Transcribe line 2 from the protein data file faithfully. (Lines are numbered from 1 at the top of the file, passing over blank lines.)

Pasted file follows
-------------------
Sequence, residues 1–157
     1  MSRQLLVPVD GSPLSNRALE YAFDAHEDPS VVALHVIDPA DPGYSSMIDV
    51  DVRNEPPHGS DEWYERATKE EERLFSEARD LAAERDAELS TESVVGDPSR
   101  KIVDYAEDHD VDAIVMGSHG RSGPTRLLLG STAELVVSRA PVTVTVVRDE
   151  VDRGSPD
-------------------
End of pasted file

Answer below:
     1  MSRQLLVPVD GSPLSNRALE YAFDAHEDPS VVALHVIDPA DPGYSSMIDV